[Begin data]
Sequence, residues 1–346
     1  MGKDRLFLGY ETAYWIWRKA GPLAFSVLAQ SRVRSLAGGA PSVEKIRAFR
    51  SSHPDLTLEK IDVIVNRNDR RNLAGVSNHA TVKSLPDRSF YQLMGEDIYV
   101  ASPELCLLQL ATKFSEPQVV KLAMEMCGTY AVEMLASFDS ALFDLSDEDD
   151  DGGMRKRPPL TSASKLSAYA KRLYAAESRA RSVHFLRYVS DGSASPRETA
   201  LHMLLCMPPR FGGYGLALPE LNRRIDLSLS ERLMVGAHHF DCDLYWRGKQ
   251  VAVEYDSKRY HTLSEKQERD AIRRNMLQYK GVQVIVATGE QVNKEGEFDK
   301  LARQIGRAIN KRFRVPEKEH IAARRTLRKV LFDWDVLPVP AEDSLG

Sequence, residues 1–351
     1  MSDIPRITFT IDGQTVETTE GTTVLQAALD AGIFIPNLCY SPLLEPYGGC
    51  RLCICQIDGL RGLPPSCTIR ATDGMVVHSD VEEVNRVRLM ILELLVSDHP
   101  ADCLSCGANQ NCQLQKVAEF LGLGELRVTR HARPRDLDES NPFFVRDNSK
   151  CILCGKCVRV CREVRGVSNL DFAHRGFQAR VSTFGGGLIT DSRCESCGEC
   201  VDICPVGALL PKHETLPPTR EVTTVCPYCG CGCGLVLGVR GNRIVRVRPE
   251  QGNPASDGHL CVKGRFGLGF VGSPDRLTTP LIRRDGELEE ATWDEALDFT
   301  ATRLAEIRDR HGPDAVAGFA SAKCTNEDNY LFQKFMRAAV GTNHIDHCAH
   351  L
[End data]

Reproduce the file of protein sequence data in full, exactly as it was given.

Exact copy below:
Sequence, residues 1–346
     1  MGKDRLFLGY ETAYWIWRKA GPLAFSVLAQ SRVRSLAGGA PSVEKIRAFR
    51  SSHPDLTLEK IDVIVNRNDR RNLAGVSNHA TVKSLPDRSF YQLMGEDIYV
   101  ASPELCLLQL ATKFSEPQVV KLAMEMCGTY AVEMLASFDS ALFDLSDEDD
   151  DGGMRKRPPL TSASKLSAYA KRLYAAESRA RSVHFLRYVS DGSASPRETA
   201  LHMLLCMPPR FGGYGLALPE LNRRIDLSLS ERLMVGAHHF DCDLYWRGKQ
   251  VAVEYDSKRY HTLSEKQERD AIRRNMLQYK GVQVIVATGE QVNKEGEFDK
   301  LARQIGRAIN KRFRVPEKEH IAARRTLRKV LFDWDVLPVP AEDSLG

Sequence, residues 1–351
     1  MSDIPRITFT IDGQTVETTE GTTVLQAALD AGIFIPNLCY SPLLEPYGGC
    51  RLCICQIDGL RGLPPSCTIR ATDGMVVHSD VEEVNRVRLM ILELLVSDHP
   101  ADCLSCGANQ NCQLQKVAEF LGLGELRVTR HARPRDLDES NPFFVRDNSK
   151  CILCGKCVRV CREVRGVSNL DFAHRGFQAR VSTFGGGLIT DSRCESCGEC
   201  VDICPVGALL PKHETLPPTR EVTTVCPYCG CGCGLVLGVR GNRIVRVRPE
   251  QGNPASDGHL CVKGRFGLGF VGSPDRLTTP LIRRDGELEE ATWDEALDFT
   301  ATRLAEIRDR HGPDAVAGFA SAKCTNEDNY LFQKFMRAAV GTNHIDHCAH
   351  L